Aucun titre de diapositive



Aucun titre de diapositive
Fetching Connected Pedometer Data
to Analyze Patients Walking
Benoît BROUARDd, Angela CHIEHd et Christian BOISSIERc
Service de Santé Publique et de l’Information Médicale, CHU Hôpital Nord, Saint-Etienne, France
b INSERM, U1142, LIMICS, F-75006, Paris, France; Sorbonne Universités, UPMC Univ. Paris 06, UMR_S 1142, LIMICS,
F-75006, Paris, France; Université Paris 13, Sorbonne Paris Cité, LIMICS, (UMR_S 1142), F-93430, Villetaneuse, France
c Service de Médecine Vasculaire et Thérapeutique – CHU Hôpital Nord, Saint-Etienne, France
d Withings, Département Santé et Recherche Médicale, Issy-les-Moulineaux, France
[email protected]
The World Health Organization recommendation is 10,000
steps a day. The generalization of connected pedometers
has turned this theoretical number into a practical
objective. Pedometers have proven useful to promote a
more active lifestyle in the global population. They can
also give a concrete answer to the need for remote
monitoring of patients. For example, with arteriopathic
patients, medical benefits of walking mainly rely on the
number of daily episodes of extended walk.
The aim of this study is to obtain
accurate data of the spontaneous daily
activities of patients using a connected
Initial tests with 4 users showed that
we were able to accurately track
trampling periods, periods of slow
walking, and sustained walking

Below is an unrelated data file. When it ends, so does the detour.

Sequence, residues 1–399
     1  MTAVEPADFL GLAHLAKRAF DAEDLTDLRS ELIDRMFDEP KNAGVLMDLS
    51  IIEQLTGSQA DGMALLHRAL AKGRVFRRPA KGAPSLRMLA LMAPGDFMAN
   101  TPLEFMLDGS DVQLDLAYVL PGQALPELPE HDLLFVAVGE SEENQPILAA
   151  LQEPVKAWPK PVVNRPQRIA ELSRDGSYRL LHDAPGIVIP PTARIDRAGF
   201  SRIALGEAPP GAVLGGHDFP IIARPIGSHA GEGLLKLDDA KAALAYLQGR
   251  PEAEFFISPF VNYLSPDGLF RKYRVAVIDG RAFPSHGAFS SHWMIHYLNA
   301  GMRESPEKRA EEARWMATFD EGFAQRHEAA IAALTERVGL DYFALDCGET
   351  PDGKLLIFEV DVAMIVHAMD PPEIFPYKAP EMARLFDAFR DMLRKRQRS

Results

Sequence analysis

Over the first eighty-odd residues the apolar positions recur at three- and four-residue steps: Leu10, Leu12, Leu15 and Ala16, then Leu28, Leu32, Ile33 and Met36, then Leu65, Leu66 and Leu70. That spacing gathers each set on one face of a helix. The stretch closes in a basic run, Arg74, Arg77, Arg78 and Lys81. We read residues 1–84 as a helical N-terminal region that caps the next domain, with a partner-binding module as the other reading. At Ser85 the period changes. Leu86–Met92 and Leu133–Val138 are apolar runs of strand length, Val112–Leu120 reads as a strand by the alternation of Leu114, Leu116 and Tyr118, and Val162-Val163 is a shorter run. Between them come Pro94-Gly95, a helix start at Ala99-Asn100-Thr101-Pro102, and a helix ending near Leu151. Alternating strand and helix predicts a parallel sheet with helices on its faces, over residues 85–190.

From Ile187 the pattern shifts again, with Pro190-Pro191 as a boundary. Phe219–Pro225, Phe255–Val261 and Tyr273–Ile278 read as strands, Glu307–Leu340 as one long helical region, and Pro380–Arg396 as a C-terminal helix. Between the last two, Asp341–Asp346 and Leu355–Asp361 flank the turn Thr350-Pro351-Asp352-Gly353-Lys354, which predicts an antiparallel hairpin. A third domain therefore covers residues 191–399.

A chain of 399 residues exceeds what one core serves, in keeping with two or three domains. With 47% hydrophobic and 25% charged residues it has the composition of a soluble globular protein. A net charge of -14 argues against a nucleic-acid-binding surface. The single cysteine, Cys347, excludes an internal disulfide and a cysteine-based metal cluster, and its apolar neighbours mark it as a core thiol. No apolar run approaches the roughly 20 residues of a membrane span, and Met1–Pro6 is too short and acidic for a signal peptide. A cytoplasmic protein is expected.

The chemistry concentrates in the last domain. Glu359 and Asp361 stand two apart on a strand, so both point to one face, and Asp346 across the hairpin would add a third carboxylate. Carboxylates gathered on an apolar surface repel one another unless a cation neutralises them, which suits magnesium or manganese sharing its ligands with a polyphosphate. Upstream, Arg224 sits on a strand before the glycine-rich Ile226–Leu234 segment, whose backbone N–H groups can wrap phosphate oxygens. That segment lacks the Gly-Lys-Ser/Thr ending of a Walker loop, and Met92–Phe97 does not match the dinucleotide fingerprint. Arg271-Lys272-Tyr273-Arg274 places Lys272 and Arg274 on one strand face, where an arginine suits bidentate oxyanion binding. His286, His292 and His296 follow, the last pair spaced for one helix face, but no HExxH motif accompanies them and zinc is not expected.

periods. The Web tool has been
validated and can easily fetch and
data export.
Patients will be equipped with a Withings’ “Pulse O2” for
a period of 7 days. This device can monitor steps,
elevation, distance, calories or heart rate. These figures
are associated to a user’s account and can be fetched
through a dedicated Application Programming Interface
(API). The API provides multiple services such as “get
intraday activity” which allows to recover walking data
with a sampling of 1 minute (up to 1440 records per day).
We developed a dedicated Web tool to fetch API data
using PHP. To detect continuous episodes of walking,
data samples from daily activities are evaluated in term
of energy consumption by calculating Metabolic
Equivalent of Task (METs). Each walking episode is then
reconstituted by detecting consecutive samples with
similar METs value.
Connected pedometers store quantity of useful
information in term of medical data. Their analysis may
reflect daily walking habits, highlight any patient
handicap, and offer the potential of a personalized retraining walking program for each patient, whereas, until
now, they only had general advice.

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